Mirages captured over Great Lakes

Photos of Chicago’s skyline upside down were captured by a couple camping at a state park in Michigan

BRIDGMAN, Mich. (MEDIA GENERAL) – “We were definitely not expecting to photograph this,” said Josh Super who was camping with his girlfriend at Warren Dunes State Park near Bridgman, Michigan. The images he captured of an upside down Chicago skyline over Lake Michigan received 1.5 million views on Reddit.

Super is not a professional photographer. He said when they were hiking hear sunset his girlfriend noticed the odd horizon first.

Photos | Lake Michigan Mirage

I had absolutely no clue what we were looking at, no matter how much we discussed it,” Super said. “It appeared as though something foreign was rising out of the middle of Lake Michigan.”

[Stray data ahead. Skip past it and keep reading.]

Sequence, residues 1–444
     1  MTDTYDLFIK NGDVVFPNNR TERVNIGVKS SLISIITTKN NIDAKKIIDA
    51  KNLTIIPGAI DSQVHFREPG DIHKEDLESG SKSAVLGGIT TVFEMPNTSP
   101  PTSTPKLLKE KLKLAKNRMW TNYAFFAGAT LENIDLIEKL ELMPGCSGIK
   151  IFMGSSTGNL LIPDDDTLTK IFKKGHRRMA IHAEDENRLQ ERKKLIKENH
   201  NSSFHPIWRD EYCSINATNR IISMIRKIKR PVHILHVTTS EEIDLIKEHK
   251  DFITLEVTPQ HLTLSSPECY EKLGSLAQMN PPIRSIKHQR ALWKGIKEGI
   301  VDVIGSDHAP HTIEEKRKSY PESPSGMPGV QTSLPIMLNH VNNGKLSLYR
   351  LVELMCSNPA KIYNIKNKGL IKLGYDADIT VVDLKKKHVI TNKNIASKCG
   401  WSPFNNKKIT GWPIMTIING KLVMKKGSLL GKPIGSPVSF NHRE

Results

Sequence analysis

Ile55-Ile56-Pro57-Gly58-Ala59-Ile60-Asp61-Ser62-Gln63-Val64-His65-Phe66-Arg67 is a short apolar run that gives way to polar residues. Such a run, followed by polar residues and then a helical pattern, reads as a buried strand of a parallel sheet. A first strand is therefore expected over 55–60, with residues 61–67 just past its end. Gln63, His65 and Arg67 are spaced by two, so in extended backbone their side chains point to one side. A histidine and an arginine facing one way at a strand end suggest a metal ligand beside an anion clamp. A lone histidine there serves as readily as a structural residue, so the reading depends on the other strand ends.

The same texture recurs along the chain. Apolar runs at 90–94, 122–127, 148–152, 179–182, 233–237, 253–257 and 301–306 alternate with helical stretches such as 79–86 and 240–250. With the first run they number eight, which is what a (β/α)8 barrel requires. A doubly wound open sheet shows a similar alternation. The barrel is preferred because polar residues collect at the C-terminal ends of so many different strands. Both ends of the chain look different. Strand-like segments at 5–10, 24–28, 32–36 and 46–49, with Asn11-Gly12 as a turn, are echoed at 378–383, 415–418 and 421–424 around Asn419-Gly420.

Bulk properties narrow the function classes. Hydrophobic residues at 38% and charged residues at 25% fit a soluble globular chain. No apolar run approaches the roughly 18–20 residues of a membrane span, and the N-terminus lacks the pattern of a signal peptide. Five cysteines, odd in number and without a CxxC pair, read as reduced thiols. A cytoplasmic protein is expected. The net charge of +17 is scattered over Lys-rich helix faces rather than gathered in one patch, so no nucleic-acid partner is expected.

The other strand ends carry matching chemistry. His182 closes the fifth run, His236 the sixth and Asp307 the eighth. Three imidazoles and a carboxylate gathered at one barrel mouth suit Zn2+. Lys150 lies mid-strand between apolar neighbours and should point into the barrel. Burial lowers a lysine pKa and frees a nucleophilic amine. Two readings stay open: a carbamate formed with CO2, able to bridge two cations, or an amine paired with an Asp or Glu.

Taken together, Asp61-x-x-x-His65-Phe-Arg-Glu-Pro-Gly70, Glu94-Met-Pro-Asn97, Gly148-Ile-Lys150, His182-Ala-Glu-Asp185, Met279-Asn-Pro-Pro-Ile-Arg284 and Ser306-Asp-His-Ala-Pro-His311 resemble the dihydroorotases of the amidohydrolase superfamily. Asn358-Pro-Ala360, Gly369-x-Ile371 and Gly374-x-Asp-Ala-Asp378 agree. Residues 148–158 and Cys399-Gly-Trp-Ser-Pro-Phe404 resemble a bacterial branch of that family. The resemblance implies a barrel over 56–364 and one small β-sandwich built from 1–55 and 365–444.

What Is It?

Events like this are rare, but usually happen from mid-April to mid-May on calm, clear days or nights, explained meteorologist Ellen Bacca at WOOD TV. This type of mirage with an upside down image is called a “superior mirage,” which means an image of an object appears above the actual object.

Why Do They Form?

The lake is still really cold this time of year, but air temperatures are getting warmer. Mirages are most likely to form when very warm air slides over land and the wind stays calm. This forms something called an “inversion” over the lake. The change in air density bends light waves and creates the mirage.


It’s not very hard to think about light waves bending. Just think of how a straw looks when you put it in a cup of water. The light hitting the different density of water and air makes the straw look like it is bent.

“I didn’t realize this phenomenon would turn out to be so rare and that most people were not aware of it. It was a really cool thing to learn about, and I’m just glad we were able to experience it,” Super said.

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